A Ducky

Ping Pong

Katherine Phelps

Look, it's just a ducky -- one of those bathtub duckies that are meant to be so cute. But for some reason this one gave me the creeps. For one thing its eyes are totally expressionless. They have no pupils, no coloration, and they protrude from the sides of the ducky's head like warts or pimples. Instead of a jolly grin the bill on this toy forms a flat line of total unconcern. And when you put the thing in the water, does it gaily bob and float as a rubber ducky should? No, it topples over showing only its underside, as if it's the corpse of a rubber ducky. The crowning touch is that this abomination actually has an ass hole. My mother named it Ping after a character in a book. At least the cat liked it. Beauty used to sit on the edge of the tub and bat at the thing.

I suppose if my mother hadn't insisted that the thing keep me company whenever I bathed, this would not have happened. "Come on Maddy," she would say, "It's so darling." I never thought it was darling, and it became even less darling the morning it was deliberately turned into a monster. I'll tell you how it all happened.

Early Saturday morning my brother Joshua restlessly tossed in his bed. He had just lost a tooth and was anxiously awaiting the money he would find beneath his pillow in exchange for it. The toothfairy always left enough payola for us to buy a candy bar, which seems pretty nice of her, until you consider how many extra teeth you might lose from rotting them away with sugar. Oh no, I wasn't getting into that racket, so I saved my money for better bath tub toys.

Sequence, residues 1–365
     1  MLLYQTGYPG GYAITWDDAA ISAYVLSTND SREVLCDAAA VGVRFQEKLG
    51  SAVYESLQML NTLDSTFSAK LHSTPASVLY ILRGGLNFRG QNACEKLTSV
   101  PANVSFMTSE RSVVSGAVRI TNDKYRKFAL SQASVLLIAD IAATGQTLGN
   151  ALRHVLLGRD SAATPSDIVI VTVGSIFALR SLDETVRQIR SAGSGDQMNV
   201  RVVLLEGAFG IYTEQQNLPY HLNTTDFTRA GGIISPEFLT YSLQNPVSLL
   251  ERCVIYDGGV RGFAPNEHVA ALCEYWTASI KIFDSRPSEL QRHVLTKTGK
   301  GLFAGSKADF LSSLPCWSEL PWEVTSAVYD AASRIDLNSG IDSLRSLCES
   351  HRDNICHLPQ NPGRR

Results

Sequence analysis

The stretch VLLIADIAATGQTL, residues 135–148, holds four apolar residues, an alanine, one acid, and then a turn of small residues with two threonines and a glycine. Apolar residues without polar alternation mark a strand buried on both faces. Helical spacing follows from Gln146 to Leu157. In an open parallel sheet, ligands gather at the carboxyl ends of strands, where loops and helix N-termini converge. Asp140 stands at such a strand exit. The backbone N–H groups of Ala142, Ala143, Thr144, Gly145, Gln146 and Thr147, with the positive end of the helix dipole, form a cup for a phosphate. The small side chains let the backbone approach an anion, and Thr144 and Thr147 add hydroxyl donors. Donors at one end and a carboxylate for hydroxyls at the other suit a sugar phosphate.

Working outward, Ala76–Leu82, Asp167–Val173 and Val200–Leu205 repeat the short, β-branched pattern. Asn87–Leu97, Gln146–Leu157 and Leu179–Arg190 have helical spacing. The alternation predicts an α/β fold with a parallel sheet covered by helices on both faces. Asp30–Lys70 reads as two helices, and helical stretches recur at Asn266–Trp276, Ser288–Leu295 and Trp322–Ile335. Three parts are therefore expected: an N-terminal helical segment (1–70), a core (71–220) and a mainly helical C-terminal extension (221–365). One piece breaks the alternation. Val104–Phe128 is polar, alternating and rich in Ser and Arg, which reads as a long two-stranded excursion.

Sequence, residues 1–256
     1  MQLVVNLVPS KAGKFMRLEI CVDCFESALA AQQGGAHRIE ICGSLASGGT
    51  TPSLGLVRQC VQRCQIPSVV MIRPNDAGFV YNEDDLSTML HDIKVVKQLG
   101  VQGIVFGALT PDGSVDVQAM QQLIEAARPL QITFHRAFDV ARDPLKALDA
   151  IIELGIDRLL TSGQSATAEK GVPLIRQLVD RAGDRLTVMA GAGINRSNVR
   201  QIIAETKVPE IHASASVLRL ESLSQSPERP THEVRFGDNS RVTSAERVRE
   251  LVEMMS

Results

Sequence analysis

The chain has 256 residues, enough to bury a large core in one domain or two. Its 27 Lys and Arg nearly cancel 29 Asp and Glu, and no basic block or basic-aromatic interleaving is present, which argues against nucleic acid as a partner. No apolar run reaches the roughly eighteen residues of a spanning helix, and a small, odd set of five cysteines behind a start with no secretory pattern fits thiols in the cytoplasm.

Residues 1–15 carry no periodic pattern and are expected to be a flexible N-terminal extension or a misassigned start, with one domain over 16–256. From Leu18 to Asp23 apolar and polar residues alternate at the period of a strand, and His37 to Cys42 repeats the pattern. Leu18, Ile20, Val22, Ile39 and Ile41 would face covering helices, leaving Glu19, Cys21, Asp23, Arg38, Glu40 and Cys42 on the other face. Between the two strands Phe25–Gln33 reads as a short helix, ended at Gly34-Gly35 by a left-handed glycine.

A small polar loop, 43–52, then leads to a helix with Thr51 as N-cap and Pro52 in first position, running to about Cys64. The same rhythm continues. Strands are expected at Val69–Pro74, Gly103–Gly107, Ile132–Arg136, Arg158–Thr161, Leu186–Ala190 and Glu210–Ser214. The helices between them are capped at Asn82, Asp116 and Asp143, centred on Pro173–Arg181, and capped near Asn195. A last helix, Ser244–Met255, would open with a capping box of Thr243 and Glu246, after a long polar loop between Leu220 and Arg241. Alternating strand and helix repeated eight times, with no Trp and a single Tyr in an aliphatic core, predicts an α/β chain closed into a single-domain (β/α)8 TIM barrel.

Anyway, we normally sleep in late on Saturdays, but this morning I awoke hearing my brother's cry of "Gotcha!"

"Got what?" I asked, sleepily looking through the door of my room into my brother's.

"This," Joshua said, roughly waving what looked like a large cricket in one hand.

I sat up and slipped on my blue furry slippers. Woozily I wandered over to get a better look at my brother's catch. When I made it to his side I could see what appeared to be a tiny human frantically wriggling between his fingers. The thing looked like a cricket because it had a pair of green-gold, lacy wings.

"Let me go, you monster," the minute woman commanded, then bit my brother's thumb.

"Ouch," he said without losing his grip, but the creature did manage to extract her wand carrying arm.

"That's not very nice," I told my brother.

"What? Of me or of her?"

"Well I suppose it wasn't nice that she bit you. But how would you feel if somebody held you in their sticky fingers?"

"Yeah, but she hasn't given me my candy money yet."

"You haven't given her a chance."

My brother looked curiously at his quarry. The woman did seem upset, though her face was set so that it might appear annoyed all the time. She started banging his wrist with her wand. He winced. "I kinda wanted to keep her for show and tell."

"You can always draw a picture of her after she leaves," I consoled.

So Joshua let her go. Sadly, this was not enough for the creature. She raised her tiny fist with the wand in it as if she were about to punch my brother in the eye. "You evil creature," she growled, "How dare you sully my person. I shall smite you with what you fear."